An Authorization Source defines a user management authority (GibLab, Google, OpenID) for a VergeIO cloud. This allows a single sign-on experience for users as credentials from the defined authorization source can be appointed for users to log in to a VergeIO system.
A catalog is a group of related recipes. For example, one catalog may contain many varied Windows VM recipes, while another catalog in the same repository could contain all Linux-based VM recipes. Customers can group recipes into catalogs in whatever way makes sense for their particular organization.
Cloud (VergeIO Cloud)
In VergeIO, "cloud" refers to each autonomous Virtual Data Center (VDC) created within a VergeIO system. This includes the VDC created at the base level (when VergeIO is installed on physical hardware) as well as the VDC that is created with each subsequent tenant and subtenant.
A cluster is a group of nodes (physical or virtual) with like hardware resources, used as a pool for storage, compute, or HCI functions. A single VergeIO system can contain a variety of different clusters to provide an array of performance/costing options. The resources of a single cluster can be divided up among multiple tenants and a single tenant can be given resources to multiple clusters within the same system.
Refers to the top-level Virtual Data Center(VDC), aka VergeIO cloud, which is created during the initial VergeIO install on the physical hardware. The Host has direct control over the hardware, whereas tenants/subtentants will have resources assigned to them, but no access to physical components.
Media Images are files uploaded to the VergeIO vSAN to make available inside the VergeIO environment. Common files uploaded are those used for installing new virtual machines (e.g. *.iso) or importing machines or drives from existing systems (e.g. *.ova, *.ovf, *.raw, *.qcow, *.vmdk, etc).
Nested Multi-Tenancy provides layers of tenancy; the host tenant can allocate any portion of its base resources to child tenants and those child tenants can then divide and apportion any of its resources down to its own child tenants, and so on.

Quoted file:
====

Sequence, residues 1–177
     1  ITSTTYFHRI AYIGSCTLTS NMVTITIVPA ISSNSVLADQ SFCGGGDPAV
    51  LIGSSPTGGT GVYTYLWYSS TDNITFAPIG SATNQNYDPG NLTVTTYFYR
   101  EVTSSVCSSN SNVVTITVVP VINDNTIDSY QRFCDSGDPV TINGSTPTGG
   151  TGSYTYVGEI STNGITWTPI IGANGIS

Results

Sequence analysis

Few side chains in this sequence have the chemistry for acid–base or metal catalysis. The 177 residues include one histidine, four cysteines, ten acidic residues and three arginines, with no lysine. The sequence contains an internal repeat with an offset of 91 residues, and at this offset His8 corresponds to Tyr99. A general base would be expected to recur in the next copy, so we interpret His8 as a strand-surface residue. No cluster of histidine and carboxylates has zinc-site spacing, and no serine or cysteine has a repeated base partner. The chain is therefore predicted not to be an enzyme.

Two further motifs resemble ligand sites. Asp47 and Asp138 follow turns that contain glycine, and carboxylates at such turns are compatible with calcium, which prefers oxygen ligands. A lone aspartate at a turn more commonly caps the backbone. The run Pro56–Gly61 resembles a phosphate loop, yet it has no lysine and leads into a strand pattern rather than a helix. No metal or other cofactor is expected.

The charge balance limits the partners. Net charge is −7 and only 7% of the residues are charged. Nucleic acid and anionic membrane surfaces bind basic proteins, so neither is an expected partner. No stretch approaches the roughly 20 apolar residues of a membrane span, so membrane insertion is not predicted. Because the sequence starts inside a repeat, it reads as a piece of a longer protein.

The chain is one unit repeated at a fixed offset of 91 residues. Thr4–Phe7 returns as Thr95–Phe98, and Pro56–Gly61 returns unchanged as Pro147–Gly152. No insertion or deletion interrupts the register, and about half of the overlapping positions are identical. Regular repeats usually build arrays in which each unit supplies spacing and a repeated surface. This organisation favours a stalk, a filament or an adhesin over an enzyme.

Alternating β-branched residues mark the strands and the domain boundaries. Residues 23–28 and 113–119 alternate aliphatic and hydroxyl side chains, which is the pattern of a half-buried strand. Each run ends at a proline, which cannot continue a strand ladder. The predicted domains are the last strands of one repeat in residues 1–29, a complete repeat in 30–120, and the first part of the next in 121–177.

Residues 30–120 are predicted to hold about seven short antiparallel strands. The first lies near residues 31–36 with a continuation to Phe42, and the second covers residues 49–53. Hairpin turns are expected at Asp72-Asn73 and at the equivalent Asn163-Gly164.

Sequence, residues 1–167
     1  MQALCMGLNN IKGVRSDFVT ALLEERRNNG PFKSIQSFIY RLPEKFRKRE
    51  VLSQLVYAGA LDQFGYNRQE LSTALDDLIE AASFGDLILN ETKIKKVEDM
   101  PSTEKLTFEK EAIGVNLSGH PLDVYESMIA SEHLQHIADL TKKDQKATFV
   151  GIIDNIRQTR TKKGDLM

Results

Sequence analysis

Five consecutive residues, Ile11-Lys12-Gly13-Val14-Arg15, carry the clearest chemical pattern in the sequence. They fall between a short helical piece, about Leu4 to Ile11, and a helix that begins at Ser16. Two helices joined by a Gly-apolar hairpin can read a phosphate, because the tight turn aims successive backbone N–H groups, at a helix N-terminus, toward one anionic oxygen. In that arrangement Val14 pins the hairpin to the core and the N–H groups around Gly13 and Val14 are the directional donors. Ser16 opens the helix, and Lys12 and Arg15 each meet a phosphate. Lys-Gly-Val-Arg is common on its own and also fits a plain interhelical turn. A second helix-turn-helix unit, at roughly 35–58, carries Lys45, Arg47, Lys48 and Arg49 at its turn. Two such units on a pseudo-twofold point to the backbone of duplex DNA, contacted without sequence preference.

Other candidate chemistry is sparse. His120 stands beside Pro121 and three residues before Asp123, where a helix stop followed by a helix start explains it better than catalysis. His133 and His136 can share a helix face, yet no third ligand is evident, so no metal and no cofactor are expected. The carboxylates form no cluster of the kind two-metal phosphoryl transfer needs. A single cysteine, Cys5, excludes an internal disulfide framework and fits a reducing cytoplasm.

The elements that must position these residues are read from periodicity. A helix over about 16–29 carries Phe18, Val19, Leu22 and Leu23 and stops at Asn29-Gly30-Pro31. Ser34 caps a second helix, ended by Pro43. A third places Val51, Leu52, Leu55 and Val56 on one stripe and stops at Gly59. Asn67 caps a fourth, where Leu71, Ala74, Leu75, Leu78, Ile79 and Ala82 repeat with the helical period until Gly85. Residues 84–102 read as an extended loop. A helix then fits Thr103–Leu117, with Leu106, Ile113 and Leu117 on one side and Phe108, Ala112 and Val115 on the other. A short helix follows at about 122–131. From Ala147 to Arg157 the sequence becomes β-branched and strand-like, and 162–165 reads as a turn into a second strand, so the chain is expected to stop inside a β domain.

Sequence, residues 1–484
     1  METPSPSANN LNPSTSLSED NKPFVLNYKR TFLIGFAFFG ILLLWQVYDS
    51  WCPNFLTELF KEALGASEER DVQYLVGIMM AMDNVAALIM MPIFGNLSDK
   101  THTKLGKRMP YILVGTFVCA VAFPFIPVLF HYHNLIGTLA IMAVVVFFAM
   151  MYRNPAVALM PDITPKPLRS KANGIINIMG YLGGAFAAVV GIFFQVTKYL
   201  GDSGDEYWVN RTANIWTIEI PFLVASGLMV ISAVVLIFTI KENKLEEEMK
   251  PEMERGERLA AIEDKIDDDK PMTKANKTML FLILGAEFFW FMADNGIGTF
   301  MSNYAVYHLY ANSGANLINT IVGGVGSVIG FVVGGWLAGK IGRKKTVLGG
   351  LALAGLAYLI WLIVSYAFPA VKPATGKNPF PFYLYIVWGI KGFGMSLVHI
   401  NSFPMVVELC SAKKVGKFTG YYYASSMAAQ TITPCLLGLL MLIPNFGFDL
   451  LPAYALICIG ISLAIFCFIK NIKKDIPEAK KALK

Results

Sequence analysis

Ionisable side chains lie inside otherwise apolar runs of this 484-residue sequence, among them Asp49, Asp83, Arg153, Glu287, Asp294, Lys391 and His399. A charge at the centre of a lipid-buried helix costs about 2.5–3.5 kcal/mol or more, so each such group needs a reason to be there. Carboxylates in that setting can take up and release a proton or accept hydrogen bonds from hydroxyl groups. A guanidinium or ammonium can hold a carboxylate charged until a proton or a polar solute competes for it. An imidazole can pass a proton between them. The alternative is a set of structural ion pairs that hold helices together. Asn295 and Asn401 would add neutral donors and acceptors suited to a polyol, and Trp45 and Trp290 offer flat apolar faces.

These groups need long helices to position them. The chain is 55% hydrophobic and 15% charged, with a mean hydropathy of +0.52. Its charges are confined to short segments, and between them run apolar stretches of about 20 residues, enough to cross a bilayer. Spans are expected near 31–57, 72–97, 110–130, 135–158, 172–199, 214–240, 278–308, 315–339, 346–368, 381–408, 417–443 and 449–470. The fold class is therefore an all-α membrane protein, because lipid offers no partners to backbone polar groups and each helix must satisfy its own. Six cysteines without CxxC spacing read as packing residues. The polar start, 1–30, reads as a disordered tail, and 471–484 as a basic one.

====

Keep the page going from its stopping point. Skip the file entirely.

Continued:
The Core Network is a virtual network used to handle all intra-node communication. Every VergeIO cloud has 1 Core Network, which is created automatically during the VergeIO installation (on the Host) or at the point of tenant creation (for each tenant.)
The DMZ Network is a virtual network used to connect all other networks with the Core Network. Every VergeIO cloud has 1 DMZ Network, which is created automatically during the VergeIO installation (on the Host) or at the point of tenant creation (for each tenant.)
An External Network is a network outside of the VergeIO system; any pre-existing network that will be interfaced with VergeIO (e.g. company LAN, direct WAN connections, Wi-Fi networks). In a VergeIO system, there is typically at least one External Network and there can be multiple External networks. External Networks can be defined during or after VergeIO system installation.
Note: External does not necessarily indicate that the network is a direct Internet Connection (although it can be), but rather only External to the VergeIO system.
An Internal Network is a virtual network originated within VergeIO. Any number of Internal Networks can be created. An Internal Network is created default-secure; with built-in VergeIO networking functionality allowing for opening up access between Internal Networks and to External Networks as needed.
A Maintenance Network is an External network that can be created to handle IPMI access to Physical nodes and optional PXE boot.
Physical nodes are actual hardware servers that host the base VergeIO cloud.
Tenant nodes are virtual servers that simulate physical nodes. Each tenant is assigned at least one tenant node and more tenant nodes can be added for scale and/or to accommodate clustering software such as Kubernetes, Hadoop, etc..
A VM recipe is a customizable template for launching new virtual machine instances. A VM recipe can include initial hardware specifications (e.g. number of cores, RAM, CPU type, drives, NICs, etc). and resource pool specification. Additionally, custom fields can be added to the recipe to gather input at the time of recipe consumption. This data, input by the recipe consumer, can then be utilized to adjust elements within the new VM guest OS; typically at first startup. For example, a recipe can be configured to prompt for a database username and password, or for disk/ram size settings to input into an application conf file. VergeIO VM recipes are compatible with Cloud-Init. See https://cloud-init.io for cloud-init documentation.